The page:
At 1:12 PM , Blogger MamaMay said…

I hear what you are saying about being a doctor's wife. When in med school, my husband joined the US military to pay for it. They gave a stipend of 19,260 a year. The school would not allow you to borrow more than that to live on in student loans. We lived for 4 years on that, and I gave birth to 2 children. We didn't take government aid either so no food stamps or medicaid. You tell people that your husband is in medical school and they think "wow, you must be rich" not realizing that you are living off of student loans and if you were rich you would have no debt.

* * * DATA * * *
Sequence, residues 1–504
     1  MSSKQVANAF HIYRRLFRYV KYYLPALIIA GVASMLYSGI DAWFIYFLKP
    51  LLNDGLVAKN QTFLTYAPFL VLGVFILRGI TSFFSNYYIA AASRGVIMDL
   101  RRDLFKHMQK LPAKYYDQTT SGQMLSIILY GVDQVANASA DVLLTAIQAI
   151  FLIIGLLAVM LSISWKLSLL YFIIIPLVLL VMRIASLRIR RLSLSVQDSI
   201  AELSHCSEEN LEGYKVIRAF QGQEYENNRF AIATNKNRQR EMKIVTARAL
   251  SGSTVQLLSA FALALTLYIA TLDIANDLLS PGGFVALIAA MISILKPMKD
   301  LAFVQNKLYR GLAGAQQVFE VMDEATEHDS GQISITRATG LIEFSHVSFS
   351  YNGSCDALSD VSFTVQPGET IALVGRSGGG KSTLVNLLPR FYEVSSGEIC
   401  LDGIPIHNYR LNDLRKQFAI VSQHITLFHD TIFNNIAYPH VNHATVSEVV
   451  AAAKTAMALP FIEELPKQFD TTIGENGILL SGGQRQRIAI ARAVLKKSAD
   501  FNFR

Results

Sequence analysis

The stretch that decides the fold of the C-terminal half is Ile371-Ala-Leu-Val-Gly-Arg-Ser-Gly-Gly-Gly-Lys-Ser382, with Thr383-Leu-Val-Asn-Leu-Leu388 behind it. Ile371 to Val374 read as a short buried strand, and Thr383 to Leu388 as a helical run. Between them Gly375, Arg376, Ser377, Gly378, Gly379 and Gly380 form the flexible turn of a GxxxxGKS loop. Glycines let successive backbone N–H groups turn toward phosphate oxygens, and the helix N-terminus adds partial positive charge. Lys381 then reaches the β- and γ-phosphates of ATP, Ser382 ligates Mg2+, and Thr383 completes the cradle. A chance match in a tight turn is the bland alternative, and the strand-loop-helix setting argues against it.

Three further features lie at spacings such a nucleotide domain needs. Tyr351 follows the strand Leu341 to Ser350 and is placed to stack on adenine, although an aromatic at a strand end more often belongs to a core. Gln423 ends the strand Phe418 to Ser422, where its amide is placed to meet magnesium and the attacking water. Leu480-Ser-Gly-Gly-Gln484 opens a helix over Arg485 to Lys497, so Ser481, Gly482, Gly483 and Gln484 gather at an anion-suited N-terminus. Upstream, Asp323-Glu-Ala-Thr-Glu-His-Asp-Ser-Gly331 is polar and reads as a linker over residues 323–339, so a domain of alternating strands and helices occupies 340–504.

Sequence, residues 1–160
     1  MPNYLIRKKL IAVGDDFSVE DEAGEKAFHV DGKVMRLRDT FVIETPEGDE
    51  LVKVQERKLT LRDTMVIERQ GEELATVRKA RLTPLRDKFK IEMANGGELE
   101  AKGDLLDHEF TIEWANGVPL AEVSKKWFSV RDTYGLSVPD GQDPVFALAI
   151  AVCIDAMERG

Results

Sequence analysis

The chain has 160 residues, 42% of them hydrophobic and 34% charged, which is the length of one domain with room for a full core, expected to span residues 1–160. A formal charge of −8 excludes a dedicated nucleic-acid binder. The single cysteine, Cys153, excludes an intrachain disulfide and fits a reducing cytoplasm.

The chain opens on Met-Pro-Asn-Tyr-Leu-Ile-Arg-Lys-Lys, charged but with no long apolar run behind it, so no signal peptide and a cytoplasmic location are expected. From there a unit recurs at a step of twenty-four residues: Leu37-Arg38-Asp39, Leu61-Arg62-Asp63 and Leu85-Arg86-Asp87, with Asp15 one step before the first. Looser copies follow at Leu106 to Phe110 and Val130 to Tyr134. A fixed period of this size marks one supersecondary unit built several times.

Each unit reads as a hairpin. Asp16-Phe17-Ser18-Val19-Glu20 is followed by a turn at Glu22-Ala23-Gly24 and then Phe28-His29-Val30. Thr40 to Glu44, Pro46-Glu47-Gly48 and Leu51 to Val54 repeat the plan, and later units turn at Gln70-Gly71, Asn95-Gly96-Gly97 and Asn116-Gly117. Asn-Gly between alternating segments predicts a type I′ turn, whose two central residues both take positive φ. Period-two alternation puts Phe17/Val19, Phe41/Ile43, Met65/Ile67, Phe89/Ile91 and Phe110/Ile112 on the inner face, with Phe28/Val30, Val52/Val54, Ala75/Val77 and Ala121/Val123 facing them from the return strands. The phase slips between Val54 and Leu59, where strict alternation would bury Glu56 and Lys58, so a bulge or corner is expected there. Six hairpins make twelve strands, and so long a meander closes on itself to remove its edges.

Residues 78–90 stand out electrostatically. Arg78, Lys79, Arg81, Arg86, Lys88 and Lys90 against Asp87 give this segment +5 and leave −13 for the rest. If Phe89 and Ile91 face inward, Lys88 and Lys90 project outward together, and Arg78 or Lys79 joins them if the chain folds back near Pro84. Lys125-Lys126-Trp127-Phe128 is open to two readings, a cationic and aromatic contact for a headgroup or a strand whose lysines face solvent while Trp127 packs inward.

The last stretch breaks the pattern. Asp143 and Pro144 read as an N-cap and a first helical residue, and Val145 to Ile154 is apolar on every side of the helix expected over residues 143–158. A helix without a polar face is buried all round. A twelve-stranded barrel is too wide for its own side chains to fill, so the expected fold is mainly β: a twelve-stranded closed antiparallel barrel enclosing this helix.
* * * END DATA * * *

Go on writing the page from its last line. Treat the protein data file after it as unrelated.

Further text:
At 5:48 PM , Anonymous Kristen said…

Just in support of what you said about "millionaires" -- We were once invited to a social event where we knew on of the wealthiest businessmen in Canada would also be attending. My husband tried to pick him out in the crowd, and singled out a distinguished-looking well dressed man -- nope. He was the comfortable looking older man in the 20 year old jacket. He and his wife happened to be leaving the event about the same time as we were, and hubby waited anxiously to see what fancy car he would be driving... an older model SUV, nothing fancy.
Living below our means removes so much stress from life -- when a need arises there's money to meet it. And more stuff doesn't make you happier.


At 6:01 PM , Blogger The Wife said…

This reminds me of an old Ann Landers column -- "The new car in your neighbors driveway does not mean they HAVE money; it means they HAD money."